Gulf Stream Orphans in Pleasant Bay
By Mark Borrelli
When Owen Nichols and Charlie Beggs set out to study lobster settlement in Pleasant Bay, in 2014, both had already been working on the water for a long time so weren’t easily surprised. But that day they were – twice.
First, they found lots and lots of lobsters under a year old, as many or more than in some areas in Maine, where lobsters are supposed to be most fertile.
And they spotted several tropical fish around the size of a quarter, seeking refuge in their larval collectors. These colorful fish included snowy grouper and spotfin butterflyfish, fish that are much more common in the Caribbean but that presumably get carried north along the warm Gulf Stream current as larvae or very small juveniles, remaining in bays and estuaries until fall water temperatures become too cold.
Owen (director of Marine Fisheries Research Program at the Center for Coastal Studies in Provincetown), and Charlie (one of many community partners Owen relies on heavily), quantified and passed their information along.
The phenomenon of finding tropical fish locally is now being studied by University of Massachusetts graduate student Mike O’Neill, who has dubbed these fish, “Gulf Stream Orphans.”
As for the abundance of young lobsters, it’s possible that we underestimate the importance of our coastal systems, such as Pleasant Bay and Nauset Marsh (where juvenile lobsters hide in the marsh peat), as nursery habitat for this important species.
Right about the same time, 2014, the Center for Coastal Studies was starting a major project that has continued to this day: creating benthic habitat maps in many places on the Cape, one of the first being around where Owen and Charlie were working in Pleasant Bay.
These maps are just what they sound like, detailing the seafloor where the benthos (also known as little critters) live. In Pleasant Bay we went one step further and tied what lives on the seafloor to what swims in the water column, creating more of an ecosystem-wide assessment. We wanted to see how tight the connections are between what swims in water to what lives on the bottom.
Benthic invertebrates live on or just under the seafloor’s surface. They are one of the foundations of the complex food web that is a coastal ecosystem. By the way we say “food web” rather than “food chain” because these natural systems are much more complex than single links making up a chain. They are more like a spider’s web, touch one part of it and you can feel the effects elsewhere.
There are no Gulf Stream Orphans in the benthic invertebrate world. If we find them, they’re not visiting or lost. We find them there because they live here.
In search of them, we crisscross an area in a fairly tight grid, sending our research vessel along those lines, taking hundreds of bottom grab samples. Then we count and identify these little creatures that are about the size of a grain of sand.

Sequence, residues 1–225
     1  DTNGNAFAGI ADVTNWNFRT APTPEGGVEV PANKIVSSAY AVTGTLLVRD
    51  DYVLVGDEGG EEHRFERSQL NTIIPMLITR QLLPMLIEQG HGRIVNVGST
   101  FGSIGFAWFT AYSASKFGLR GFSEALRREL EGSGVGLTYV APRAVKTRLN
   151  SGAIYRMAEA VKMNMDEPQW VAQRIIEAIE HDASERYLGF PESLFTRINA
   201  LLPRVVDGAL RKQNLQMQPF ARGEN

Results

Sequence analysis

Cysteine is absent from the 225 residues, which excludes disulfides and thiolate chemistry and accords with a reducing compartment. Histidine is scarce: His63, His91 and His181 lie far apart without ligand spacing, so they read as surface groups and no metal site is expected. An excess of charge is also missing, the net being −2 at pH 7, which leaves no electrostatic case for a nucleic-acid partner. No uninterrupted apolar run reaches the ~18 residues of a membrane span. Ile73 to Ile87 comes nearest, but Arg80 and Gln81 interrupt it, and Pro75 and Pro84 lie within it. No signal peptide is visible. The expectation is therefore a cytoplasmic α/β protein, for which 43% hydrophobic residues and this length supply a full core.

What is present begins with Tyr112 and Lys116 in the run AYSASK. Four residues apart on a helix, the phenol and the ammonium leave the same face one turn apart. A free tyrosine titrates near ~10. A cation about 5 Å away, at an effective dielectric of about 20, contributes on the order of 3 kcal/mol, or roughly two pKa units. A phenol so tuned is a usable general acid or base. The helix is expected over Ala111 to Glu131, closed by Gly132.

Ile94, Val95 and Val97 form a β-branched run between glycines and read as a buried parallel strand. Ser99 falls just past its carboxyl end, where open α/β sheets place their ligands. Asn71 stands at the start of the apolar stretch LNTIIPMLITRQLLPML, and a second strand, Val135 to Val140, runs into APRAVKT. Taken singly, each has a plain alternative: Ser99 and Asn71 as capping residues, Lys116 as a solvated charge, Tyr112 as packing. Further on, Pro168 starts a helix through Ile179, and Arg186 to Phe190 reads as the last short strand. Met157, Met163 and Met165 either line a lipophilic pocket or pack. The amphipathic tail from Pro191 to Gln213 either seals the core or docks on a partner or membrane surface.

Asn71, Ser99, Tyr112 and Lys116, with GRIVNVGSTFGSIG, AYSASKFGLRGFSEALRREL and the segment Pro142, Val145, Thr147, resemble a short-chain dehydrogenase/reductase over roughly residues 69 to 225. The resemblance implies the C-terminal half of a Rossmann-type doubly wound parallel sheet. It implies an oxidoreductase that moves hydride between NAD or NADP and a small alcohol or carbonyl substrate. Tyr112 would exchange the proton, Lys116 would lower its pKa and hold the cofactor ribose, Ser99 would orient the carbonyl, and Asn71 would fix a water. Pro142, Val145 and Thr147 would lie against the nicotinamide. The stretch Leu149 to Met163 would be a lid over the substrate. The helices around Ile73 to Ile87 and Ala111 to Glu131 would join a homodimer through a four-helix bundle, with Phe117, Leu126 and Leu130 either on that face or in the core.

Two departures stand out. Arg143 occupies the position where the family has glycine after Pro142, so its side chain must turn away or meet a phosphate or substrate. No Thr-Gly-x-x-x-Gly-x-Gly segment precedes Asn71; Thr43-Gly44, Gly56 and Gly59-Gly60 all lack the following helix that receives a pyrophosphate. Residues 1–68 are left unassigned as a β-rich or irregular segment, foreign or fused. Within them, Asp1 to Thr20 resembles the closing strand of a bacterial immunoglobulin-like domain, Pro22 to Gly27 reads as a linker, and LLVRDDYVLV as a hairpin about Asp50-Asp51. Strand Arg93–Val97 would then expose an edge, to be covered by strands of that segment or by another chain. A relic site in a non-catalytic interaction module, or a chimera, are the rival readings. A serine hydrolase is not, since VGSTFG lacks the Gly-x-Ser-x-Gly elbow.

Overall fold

We do this because we want to map benthic habitats so we can understand in a rigorous, repeatable, scientific way what lives here and what kind of shape each area is in. Is it healthy and thriving? Is there enough oxygen in the water? Too many nutrients?
We have completed or are completing maps in Pleasant Bay, Nauset Marsh, Wellfleet Harbor, Herring Cove Beach in Provincetown, East Harbor (Pilgrim Lake) and Barnstable Harbor. The important thing to remember is these maps are the first of their kind. We’ve collected and identified over 100,000 individuals and these maps will be used for things we haven’t even imagined yet. Gone are the anecdotal stories of what this area ‘used to be like’ or squaring what different folks said about the same bay. We think these baseline datasets should be completed for all of our coastal estuaries and lagoons.
These assessments, in fact all maps, are snapshots in time. These snapshots are critically important to tell a story we can’t know otherwise, to understand what our shoreline was like and how it is changing. The famous “In Cod We Trust” picture of a little kid standing next to a huge cod is another kind of snapshot, of a very different time and fishery. If we get enough snapshots of our ecosystem, with benthic habitat maps as the foundation, we can tell a story of an evolving coast including critters and fish, ecosystems and fisheries, orphans and families.
Repeating these snapshots is our way to begin to understand the effects of environmental and human-induced changes on marine habitats. And with that knowledge, we hope to help drive sound, smart public policy aimed at all the amazing life our habitat supports, including our historic fishing communities.
Mark Borrelli is the Director of the Seafloor Mapping Program at the Center for Coastal Studies